The Art of Home Theater Projectors

Sony VPL-VW85 – A First Look Projector Review

Greetings and happy holidays.

Well, looks like the full review won’t publish until after the new year, but meantime, I figured it was time to tantalize you a bit.

For those not familiar, the Sony VPL-VW85 – which mostly I’ll call the VW85, is Sony’s more expensive of two under $10,000 home theater projectors. They also make a more expensive one (the VPL-VW200), that we won’t get into here – it costs about twice as much, last I looked.

Sony offers the HW15, for a mere $2799, as their entry level LCoS projector. (Sony refers to their LCoS as SXRD)

This VW85, however is in a whole different price range, with an MSRP of $7999.   Most notably that’s pretty much the same price as the VW85′s most formidable competitor, JVC’s DLA-RS25 projector.  I’ll be back to that in a moment, but, first, a little more about the Sony VPL-VW85 home theater projector:

The VW85 uses 3 LCoS panels, and a traditional UHP lamp for power.  It has high and low lamp modes and they differ by a good amount (about 1/3), more than with most projector’s lamp modes.  The Sony has motorized focus, zoom, and lens shift.  It’s a fairly large home theater projector, as under $10,000 models go, a little larger than most of its competition, but not dramatically so.  It is finished in a deep black finish, with tiny blue speckles in the shiny finish.  Unless the room is well lit, it just looks black.  It’s nicely curved, a simple design.

The lens is recessed and center mounted.  The inputs are all down low, on the right side of the projector if looking from the back.  Above the inputs is a small, basic, control panel, hidden behind a spring release door.   The backlit remote is large, reasonably well laid out and has good range.

In year’s past, while I’ve liked the Sonys – VW70, VW60, etc. ever since JVC brought out their RS1 projector (also LCoS), with its stunning black level performance, I’ve felt that Sony has trailed JVC in terms of overall performance.  Certainly the older Sony’s had very good blacks, but JVC set a new standard for the entire industry.  The older Sony’s just weren’t  up to the black level performance of that old RS1 of 2+ years ago, and definitely not up to last year’s RS20.

Sony, as you may know uses a dynamic iris to enhance black level performance.  JVC, instead created their projectors with a revised LCoS panel design that offered a dramatic improvement in blacks compared to their older projectors. Sony’s been playing catch up, in that regard.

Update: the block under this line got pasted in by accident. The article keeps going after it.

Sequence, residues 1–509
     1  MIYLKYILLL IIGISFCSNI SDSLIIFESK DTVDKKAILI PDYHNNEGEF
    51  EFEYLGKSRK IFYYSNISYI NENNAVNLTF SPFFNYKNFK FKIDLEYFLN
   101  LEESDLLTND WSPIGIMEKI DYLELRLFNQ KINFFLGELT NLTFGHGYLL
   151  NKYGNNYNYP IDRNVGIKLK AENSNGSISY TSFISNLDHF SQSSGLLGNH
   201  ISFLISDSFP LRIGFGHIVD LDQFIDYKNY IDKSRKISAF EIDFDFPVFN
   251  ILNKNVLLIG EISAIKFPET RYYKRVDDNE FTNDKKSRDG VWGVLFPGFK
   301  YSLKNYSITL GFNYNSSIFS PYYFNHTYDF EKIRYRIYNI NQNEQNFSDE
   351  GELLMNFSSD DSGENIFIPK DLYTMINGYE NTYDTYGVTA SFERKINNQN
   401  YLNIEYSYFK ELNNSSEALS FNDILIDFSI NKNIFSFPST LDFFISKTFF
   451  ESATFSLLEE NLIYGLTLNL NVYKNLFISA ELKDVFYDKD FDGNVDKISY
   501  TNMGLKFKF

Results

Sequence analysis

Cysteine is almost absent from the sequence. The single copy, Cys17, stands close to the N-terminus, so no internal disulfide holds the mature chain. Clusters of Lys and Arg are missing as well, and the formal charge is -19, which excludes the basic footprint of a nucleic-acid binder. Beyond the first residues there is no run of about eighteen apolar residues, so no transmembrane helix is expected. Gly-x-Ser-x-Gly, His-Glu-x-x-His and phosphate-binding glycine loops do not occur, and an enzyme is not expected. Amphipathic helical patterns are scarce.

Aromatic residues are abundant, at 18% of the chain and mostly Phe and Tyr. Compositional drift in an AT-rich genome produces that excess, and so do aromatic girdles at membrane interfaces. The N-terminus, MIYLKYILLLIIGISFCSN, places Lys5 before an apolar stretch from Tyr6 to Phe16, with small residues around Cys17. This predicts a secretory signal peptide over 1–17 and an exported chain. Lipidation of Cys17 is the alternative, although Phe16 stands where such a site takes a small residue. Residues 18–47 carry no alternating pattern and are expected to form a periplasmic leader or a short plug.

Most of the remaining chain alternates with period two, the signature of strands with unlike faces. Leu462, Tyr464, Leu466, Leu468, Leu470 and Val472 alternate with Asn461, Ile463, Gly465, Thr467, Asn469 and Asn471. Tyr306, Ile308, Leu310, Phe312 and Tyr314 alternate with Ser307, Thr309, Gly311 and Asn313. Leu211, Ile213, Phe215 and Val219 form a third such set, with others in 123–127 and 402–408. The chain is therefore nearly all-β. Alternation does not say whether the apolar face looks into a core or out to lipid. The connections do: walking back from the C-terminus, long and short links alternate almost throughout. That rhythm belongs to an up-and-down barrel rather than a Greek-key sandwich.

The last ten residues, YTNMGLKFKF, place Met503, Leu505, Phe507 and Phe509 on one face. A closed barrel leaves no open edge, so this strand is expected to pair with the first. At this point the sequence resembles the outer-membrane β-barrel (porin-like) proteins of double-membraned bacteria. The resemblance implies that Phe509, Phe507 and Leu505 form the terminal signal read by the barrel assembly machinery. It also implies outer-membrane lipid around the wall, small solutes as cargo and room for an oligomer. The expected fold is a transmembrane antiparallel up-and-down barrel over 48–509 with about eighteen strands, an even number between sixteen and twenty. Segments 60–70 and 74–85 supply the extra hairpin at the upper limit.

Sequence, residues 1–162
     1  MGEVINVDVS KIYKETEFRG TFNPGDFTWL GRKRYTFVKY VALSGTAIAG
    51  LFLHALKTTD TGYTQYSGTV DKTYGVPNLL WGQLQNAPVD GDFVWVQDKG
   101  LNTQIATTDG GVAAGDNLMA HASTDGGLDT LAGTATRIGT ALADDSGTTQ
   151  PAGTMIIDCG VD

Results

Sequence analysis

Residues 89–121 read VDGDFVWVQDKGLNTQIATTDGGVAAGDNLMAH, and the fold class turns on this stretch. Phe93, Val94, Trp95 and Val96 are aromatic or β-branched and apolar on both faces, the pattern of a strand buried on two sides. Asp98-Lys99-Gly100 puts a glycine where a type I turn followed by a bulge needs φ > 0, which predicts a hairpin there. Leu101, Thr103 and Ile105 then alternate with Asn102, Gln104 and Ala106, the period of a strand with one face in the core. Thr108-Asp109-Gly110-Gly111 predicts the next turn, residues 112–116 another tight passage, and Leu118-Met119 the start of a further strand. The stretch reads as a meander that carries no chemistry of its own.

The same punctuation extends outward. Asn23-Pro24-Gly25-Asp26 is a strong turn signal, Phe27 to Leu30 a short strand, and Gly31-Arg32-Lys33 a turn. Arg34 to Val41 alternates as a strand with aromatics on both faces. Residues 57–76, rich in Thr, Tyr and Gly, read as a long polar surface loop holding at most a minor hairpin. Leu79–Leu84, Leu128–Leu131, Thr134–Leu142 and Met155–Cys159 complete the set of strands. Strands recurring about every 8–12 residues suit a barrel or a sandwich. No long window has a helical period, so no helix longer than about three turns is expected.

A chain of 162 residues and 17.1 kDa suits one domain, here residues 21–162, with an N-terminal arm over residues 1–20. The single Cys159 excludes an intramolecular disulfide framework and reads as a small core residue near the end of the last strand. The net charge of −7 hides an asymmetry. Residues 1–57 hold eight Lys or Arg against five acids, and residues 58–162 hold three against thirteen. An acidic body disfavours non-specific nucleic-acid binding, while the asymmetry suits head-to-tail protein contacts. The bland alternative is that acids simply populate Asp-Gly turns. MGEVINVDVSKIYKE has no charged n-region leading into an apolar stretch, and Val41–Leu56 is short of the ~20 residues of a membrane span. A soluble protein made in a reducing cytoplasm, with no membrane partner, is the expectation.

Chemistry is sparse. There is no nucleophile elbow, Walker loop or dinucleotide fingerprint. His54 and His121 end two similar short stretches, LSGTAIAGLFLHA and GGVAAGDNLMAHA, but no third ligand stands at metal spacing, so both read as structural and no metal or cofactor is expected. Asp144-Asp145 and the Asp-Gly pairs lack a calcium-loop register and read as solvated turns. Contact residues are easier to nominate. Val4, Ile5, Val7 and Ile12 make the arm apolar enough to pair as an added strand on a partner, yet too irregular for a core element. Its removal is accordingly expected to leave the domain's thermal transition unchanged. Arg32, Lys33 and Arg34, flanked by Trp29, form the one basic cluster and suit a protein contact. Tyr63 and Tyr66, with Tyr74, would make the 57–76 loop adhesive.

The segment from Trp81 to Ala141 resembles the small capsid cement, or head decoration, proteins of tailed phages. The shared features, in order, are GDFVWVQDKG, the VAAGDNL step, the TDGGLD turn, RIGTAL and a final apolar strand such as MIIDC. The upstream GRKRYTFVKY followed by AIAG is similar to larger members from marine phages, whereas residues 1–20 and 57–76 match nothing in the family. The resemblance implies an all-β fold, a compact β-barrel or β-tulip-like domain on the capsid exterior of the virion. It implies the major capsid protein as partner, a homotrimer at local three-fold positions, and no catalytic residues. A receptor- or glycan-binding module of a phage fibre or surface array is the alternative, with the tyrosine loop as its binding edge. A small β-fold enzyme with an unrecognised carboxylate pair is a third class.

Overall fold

So, this year, we have Sony’s shiny new VPL-VW85, and the first big question is, how does it stack up to the JVCs – RS15 and RS25, especially in terms of black level performance.

Tell you the truth, it’s been a very disappointing season for new home theater projectors.  Mostly we’ve seen updated models from last year, and despite some very impressive claims of drastically improved contrast ratios, I’ve been underwhelmed with the level of improvement.  The Epson’s and JVC’s so far, all have slightly better blacks than last year’s but slightly is the operative term, and in some cases, might be generous.  Panasonic’s black level improvements were greater, but then they have been trailing Epson, and playing catchup (and still have a bit to go), just as Sony’s been playing catchup against JVC in the higher price ranges.

Well, congrats to Sony.  This VW85 really has excellent blacks.  Virtually as good as the JVC.  I mean really, really close, compared to my RS20.  So close that it’s rarely detectable at all, and even on those dark scenes and mixed ones that are mostly dark, the difference, when visible is just barely.  I ended up doing some incredibly long time exposures to tray to make the “blacks” in the letterbox area even visible as gray.  Only the RS20 and RS25 do better, and it’s really slight as you’ll see in a side-by-side or two in the full review (that’s compared to the RS20).  OK, with the RS25, there will be another very slight improvement for JVC, but I have to say that all considered, the VW85 and the RS25 are now virtual equals, with the JVC maintaining the slenderest advantage.

Of course, with Sony’s dynamic iris there is some compression of scenes where it’s mostly dark but a little amount of area that’s very bright.  (A night shot with some street lights and traffic lights in the background would be a good example.) The JVC doesn’t do any compression, for a more dynamic image, but even that considered, the Sony is still competitive with the RS25.